Driving home to Bristol from Surrey in the recent unseasonable snowy weather I was surprised and alarmed to see some half-metre long icicles hanging down from M32 bridges. Imagine one of them falling onto the car just as we passed beneath! Fortunately, they didn't and I imagined them slowly thawing instead, transforming from life-threatening spears into harmless drips.
Thaw. There's a great sounding word and one that feels as though it has come from the Northlands a very long time ago. When I looked up its etymology I wasn't disappointed - Dictionary.com says, 'before 1000; (v) Middle English thawen, Old English thawian; cognate with Dutch dooien, Old Norse theyja; (noun) late Middle English, derivative of the verb.
The day after our drive home the big thaw was already starting and I was reminded of my poem 'Thaw' which is collected in 'Hear Here!', the book I wrote for children and young adults. It's a simple poem which just tries to gather together a number of similes and metaphors around melting snow but which also attempts to give a sense of the magical slowing-down of time that seems to accompany it.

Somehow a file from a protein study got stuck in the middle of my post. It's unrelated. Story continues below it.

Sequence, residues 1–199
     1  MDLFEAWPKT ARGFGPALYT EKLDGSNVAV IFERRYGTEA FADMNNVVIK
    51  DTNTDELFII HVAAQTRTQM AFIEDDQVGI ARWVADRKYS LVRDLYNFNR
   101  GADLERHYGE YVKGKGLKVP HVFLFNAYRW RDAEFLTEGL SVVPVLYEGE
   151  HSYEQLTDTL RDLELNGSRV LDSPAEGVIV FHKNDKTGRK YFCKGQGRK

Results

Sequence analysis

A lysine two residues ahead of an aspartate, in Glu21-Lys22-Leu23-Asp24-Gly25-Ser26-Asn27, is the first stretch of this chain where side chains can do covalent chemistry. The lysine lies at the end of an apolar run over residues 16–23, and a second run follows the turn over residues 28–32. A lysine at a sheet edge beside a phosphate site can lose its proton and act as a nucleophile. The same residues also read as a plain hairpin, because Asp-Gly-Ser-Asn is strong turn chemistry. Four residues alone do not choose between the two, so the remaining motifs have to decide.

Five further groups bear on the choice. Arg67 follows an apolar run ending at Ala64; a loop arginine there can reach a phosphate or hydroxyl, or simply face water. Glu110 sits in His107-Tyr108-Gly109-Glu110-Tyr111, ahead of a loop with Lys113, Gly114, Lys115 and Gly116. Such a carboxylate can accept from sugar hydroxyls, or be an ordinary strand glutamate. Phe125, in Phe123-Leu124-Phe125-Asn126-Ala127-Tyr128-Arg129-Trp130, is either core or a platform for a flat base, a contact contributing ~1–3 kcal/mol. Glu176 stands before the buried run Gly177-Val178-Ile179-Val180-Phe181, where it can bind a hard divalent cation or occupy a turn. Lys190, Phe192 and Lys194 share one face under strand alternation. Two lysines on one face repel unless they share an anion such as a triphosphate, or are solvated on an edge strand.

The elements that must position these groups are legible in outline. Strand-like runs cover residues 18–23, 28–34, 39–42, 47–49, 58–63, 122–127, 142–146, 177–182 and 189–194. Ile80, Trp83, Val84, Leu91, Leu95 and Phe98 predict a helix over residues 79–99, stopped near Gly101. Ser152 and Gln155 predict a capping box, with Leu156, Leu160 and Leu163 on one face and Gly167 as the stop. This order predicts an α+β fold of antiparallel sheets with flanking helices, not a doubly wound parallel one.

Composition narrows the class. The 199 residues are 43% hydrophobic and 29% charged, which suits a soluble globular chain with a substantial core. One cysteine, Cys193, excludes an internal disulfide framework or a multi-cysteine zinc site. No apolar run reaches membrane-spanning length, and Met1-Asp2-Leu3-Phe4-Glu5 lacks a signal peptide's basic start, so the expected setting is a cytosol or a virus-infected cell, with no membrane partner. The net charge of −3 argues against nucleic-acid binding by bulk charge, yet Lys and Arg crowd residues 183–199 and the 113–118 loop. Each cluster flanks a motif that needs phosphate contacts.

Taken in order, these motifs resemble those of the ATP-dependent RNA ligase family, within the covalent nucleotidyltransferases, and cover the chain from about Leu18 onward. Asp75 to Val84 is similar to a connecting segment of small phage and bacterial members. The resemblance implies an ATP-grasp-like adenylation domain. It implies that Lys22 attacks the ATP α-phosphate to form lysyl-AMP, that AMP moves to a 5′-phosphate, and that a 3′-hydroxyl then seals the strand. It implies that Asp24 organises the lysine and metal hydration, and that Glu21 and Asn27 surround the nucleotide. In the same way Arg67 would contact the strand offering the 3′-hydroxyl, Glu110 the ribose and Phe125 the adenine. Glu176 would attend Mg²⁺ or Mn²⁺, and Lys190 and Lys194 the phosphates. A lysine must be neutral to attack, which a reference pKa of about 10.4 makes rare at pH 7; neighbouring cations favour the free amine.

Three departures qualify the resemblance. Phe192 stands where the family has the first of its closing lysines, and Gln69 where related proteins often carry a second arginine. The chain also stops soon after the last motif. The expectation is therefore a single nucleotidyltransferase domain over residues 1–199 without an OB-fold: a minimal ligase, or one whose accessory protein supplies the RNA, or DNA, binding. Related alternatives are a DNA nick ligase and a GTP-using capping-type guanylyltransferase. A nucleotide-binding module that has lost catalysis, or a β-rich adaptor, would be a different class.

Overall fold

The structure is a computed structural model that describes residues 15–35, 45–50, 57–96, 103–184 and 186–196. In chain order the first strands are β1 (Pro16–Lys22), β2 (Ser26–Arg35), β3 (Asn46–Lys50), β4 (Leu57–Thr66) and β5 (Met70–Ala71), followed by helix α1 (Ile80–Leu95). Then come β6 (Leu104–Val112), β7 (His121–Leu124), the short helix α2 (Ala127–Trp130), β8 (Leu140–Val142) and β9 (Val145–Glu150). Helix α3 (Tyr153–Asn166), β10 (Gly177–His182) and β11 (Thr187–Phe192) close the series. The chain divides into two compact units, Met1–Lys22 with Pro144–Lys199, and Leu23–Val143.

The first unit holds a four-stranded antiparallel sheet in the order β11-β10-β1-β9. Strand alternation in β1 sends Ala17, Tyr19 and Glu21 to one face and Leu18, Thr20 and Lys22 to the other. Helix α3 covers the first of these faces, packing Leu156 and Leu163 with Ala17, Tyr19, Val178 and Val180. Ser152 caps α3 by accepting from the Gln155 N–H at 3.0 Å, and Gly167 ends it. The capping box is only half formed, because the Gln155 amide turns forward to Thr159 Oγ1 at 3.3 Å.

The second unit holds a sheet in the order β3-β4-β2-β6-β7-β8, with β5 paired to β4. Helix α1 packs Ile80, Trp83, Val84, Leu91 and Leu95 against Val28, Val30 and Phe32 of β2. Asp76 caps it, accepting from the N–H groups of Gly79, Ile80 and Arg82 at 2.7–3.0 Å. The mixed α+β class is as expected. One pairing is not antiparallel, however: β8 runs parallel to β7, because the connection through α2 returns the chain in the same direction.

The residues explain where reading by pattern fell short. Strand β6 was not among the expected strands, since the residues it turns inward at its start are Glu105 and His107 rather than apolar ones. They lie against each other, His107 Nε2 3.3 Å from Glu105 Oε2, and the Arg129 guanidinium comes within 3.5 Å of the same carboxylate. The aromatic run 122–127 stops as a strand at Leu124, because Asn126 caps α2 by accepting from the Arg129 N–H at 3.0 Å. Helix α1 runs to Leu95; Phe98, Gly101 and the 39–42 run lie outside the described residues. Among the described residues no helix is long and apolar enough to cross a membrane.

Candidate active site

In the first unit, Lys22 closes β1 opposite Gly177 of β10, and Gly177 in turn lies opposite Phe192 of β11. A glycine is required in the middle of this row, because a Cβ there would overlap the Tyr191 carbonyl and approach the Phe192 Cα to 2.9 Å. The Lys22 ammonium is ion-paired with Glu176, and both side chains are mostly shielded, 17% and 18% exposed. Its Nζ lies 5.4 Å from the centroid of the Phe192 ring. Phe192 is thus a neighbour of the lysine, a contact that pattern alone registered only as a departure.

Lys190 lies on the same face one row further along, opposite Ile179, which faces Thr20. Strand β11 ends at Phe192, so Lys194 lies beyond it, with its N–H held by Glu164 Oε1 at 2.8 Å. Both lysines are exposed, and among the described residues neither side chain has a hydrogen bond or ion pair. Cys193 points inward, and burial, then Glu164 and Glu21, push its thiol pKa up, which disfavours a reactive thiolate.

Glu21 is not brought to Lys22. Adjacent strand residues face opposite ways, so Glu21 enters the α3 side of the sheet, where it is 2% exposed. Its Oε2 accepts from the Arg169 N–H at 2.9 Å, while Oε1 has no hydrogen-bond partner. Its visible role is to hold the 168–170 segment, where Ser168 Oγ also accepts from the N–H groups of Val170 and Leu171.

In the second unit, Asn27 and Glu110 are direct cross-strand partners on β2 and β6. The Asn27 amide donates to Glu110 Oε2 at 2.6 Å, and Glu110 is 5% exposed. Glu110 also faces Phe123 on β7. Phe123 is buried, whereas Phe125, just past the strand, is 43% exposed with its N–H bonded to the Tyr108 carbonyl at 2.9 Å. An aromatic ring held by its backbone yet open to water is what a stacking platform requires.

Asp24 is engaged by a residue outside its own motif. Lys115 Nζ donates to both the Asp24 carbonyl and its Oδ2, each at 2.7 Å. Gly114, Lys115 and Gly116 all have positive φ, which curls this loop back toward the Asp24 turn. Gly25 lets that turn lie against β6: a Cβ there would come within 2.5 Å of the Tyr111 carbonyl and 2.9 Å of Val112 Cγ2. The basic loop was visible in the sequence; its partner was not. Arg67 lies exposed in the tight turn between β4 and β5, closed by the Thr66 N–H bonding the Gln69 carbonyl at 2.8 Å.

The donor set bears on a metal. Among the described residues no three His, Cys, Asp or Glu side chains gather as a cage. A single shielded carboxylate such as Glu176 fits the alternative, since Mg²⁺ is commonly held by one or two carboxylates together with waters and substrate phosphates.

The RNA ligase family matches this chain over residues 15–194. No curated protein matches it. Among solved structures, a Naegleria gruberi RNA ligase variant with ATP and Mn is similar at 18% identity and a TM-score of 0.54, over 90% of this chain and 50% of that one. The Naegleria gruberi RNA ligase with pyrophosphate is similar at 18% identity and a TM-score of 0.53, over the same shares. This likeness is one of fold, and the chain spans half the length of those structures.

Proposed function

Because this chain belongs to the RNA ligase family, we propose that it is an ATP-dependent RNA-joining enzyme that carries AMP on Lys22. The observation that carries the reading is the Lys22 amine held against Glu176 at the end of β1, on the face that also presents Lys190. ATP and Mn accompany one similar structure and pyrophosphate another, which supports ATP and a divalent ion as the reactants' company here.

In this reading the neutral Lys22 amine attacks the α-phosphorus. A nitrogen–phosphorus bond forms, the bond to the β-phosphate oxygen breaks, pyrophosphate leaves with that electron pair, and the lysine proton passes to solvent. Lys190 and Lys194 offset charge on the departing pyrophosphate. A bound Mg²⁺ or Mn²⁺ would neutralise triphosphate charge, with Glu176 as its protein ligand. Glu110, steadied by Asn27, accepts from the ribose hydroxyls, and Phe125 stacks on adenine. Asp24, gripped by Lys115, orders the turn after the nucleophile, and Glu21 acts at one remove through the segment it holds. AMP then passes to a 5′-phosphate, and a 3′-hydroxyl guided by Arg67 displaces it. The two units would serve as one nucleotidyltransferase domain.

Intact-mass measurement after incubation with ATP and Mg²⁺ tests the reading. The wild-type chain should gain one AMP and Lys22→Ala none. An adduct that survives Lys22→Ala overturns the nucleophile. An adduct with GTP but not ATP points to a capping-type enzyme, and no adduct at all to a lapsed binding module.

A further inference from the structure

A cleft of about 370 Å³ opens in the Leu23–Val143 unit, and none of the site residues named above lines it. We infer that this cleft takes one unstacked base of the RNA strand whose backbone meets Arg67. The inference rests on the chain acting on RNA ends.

I can't remember why I wrote it as centre-justified, but it seems to work. Maybe it suits because when things melt they do so symmetrically? Not a rhyming poem - though the repetition of the '-ow' sound at the ends of lines 1, 6 and 10 maybe gives it a bit of unity. I wrote the poem many years ago but I can still remember being surprised, and pleased, by the first two words - 'Tree leaves...' - because we often talk of 'tea-leaves' but I couldn't recall having said 'tree leaves' before, it was always simply 'leaves' or the 'leaves of trees'. Just a little thing but it pleased me out of all proportion.
Finally, here's a short poem I have recently written which is, only ostensibly, about snow.